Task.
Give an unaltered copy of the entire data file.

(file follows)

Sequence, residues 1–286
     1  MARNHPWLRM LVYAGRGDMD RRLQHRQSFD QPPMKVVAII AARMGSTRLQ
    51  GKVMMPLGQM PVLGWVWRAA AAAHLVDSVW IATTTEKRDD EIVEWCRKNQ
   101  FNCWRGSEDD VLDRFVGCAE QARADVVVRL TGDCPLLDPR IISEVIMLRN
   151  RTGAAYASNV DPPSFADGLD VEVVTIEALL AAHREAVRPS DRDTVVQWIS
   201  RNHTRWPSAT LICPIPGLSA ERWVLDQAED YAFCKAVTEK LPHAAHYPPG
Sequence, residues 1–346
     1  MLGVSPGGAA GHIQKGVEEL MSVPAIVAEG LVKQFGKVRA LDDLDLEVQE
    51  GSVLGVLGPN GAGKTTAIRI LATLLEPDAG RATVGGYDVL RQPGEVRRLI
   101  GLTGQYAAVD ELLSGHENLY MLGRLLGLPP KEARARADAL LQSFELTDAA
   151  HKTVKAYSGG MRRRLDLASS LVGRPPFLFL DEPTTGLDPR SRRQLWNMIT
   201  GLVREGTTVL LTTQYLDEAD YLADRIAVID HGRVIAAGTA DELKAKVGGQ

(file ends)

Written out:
Sequence, residues 1–286
     1  MARNHPWLRM LVYAGRGDMD RRLQHRQSFD QPPMKVVAII AARMGSTRLQ
    51  GKVMMPLGQM PVLGWVWRAA AAAHLVDSVW IATTTEKRDD EIVEWCRKNQ
   101  FNCWRGSEDD VLDRFVGCAE QARADVVVRL TGDCPLLDPR IISEVIMLRN
   151  RTGAAYASNV DPPSFADGLD VEVVTIEALL AAHREAVRPS DRDTVVQWIS
   201  RNHTRWPSAT LICPIPGLSA ERWVLDQAED YAFCKAVTEK LPHAAHYPPG
Sequence, residues 1–346
     1  MLGVSPGGAA GHIQKGVEEL MSVPAIVAEG LVKQFGKVRA LDDLDLEVQE
    51  GSVLGVLGPN GAGKTTAIRI LATLLEPDAG RATVGGYDVL RQPGEVRRLI
   101  GLTGQYAAVD ELLSGHENLY MLGRLLGLPP KEARARADAL LQSFELTDAA
   151  HKTVKAYSGG MRRRLDLASS LVGRPPFLFL DEPTTGLDPR SRRQLWNMIT
   201  GLVREGTTVL LTTQYLDEAD YLADRIAVID HGRVIAAGTA DELKAKVGGQ